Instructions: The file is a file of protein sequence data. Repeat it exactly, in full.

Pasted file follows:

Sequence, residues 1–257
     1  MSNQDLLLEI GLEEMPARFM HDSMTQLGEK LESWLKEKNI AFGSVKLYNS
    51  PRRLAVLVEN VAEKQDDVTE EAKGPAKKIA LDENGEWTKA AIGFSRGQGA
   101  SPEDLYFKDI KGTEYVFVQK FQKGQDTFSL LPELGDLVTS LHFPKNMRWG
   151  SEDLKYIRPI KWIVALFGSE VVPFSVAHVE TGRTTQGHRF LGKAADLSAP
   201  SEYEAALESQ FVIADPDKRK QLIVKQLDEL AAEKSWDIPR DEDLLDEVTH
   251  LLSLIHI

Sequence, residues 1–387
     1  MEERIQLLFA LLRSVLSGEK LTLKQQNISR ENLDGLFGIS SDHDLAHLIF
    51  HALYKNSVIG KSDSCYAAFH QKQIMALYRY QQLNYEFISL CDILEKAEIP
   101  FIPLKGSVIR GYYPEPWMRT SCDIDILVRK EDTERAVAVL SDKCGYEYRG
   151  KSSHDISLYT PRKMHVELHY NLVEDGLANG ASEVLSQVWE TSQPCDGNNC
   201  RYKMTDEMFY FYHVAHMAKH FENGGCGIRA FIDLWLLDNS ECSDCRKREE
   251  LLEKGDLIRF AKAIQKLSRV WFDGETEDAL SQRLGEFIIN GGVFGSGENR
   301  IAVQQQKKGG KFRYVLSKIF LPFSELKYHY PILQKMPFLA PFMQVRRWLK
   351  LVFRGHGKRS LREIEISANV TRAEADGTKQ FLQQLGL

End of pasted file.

Sequence, residues 1–257
     1  MSNQDLLLEI GLEEMPARFM HDSMTQLGEK LESWLKEKNI AFGSVKLYNS
    51  PRRLAVLVEN VAEKQDDVTE EAKGPAKKIA LDENGEWTKA AIGFSRGQGA
   101  SPEDLYFKDI KGTEYVFVQK FQKGQDTFSL LPELGDLVTS LHFPKNMRWG
   151  SEDLKYIRPI KWIVALFGSE VVPFSVAHVE TGRTTQGHRF LGKAADLSAP
   201  SEYEAALESQ FVIADPDKRK QLIVKQLDEL AAEKSWDIPR DEDLLDEVTH
   251  LLSLIHI

Sequence, residues 1–387
     1  MEERIQLLFA LLRSVLSGEK LTLKQQNISR ENLDGLFGIS SDHDLAHLIF
    51  HALYKNSVIG KSDSCYAAFH QKQIMALYRY QQLNYEFISL CDILEKAEIP
   101  FIPLKGSVIR GYYPEPWMRT SCDIDILVRK EDTERAVAVL SDKCGYEYRG
   151  KSSHDISLYT PRKMHVELHY NLVEDGLANG ASEVLSQVWE TSQPCDGNNC
   201  RYKMTDEMFY FYHVAHMAKH FENGGCGIRA FIDLWLLDNS ECSDCRKREE
   251  LLEKGDLIRF AKAIQKLSRV WFDGETEDAL SQRLGEFIIN GGVFGSGENR
   301  IAVQQQKKGG KFRYVLSKIF LPFSELKYHY PILQKMPFLA PFMQVRRWLK
   351  LVFRGHGKRS LREIEISANV TRAEADGTKQ FLQQLGL